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Grouptivity: Using the Social Web to Build Consensus

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Does this sound familiar? You send an email out to 4 or 5 of your co-workers or client contacts trying to set up a meeting or get consensus on an idea. 15 “reply to all” emails later and you now know what everyone’s holidays plans are, what they’re having for lunch, and maybe what their favorite color schemes are…but you are no closer to a firm decision on whether or not you can have that conference call next Tuesday.

Grouptivity is a free web application that promises to take the hassle out of online planning and group email decision making. Aimed at the MySpace/Facebook crowd looking to leverage the social web, but with practical use for the web worker.

Don’t let the awkward design of the website throw you off. Unlike other Web 2.0 services that head for their public beta with a beautiful website and not much more, Grouptivity has a lot more under the surface. Still, some more time working on the front end couldn’t hurt the developers’ chances of getting this service firmly off the ground.

Once registered, you can start building your address book by importing your contacts from a CSV file, or ask Grouptivity to import your Yahoo, Gmail, Hotmail or AOL address books (name and email address only). You can create groups to keep your personal contacts separate from co-workers and other categories. This is helpful if you are sending these group emails to the same sets of people over and over again.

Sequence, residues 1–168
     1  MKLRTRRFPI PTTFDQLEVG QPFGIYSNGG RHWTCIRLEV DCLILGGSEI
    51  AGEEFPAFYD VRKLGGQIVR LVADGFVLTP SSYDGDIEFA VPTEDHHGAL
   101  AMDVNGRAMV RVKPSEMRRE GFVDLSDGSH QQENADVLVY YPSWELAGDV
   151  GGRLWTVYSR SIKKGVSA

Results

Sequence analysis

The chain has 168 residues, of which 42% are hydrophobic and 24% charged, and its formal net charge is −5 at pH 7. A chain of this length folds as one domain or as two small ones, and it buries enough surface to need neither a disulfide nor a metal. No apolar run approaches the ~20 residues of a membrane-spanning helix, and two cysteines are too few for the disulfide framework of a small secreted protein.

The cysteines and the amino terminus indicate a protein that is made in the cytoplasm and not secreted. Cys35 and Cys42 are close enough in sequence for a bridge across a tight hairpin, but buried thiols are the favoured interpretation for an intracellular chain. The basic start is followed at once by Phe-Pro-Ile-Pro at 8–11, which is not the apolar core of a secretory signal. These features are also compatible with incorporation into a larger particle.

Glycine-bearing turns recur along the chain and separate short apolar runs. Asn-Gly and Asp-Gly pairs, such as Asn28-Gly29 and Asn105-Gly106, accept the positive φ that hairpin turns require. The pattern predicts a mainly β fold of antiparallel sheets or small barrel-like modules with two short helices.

Composing a new email looks ordinary at first. The power is when you select “More Options” to add survey questions directly to the email. The software comes with preconfigured templates, but I don’t think the web worker is going to find templates such as “Plan a Trip to Hawaii” very helpful. Unfortunately, I don’t believe there is yet a mechanism for saving/deleting custom templates.

So let’s say you want to plan a meeting…start with a template…

All the questions are editable through an easy interface. Add your contacts (up to 30 slots are provided by default, you have to ask for more slots if you need them), add an event (which is buggy in Mac browsers) and send your email.

Your recipients receive an email that looks something like this. It would be more helpful if the email contained the survey questions.

When they hit “Reply” an account is automatically created for them on Grouptivity linked to their email address. There is language at the bottom of the email that states “By clicking to the Reply button you agree to the Terms and Conditions of Grouptivity.” For your contacts that you have not yet introduced to the service, this might make them nervous and hesitant to click through. I’m also not in love with the part of the email that read: “Note: Please do not forward this message, the recipient will get access to your account.” I learned quite some time ago that “Do not reply” and “Do not forward” are two phrases that are often ignored by folks trying to manage a busy inbox.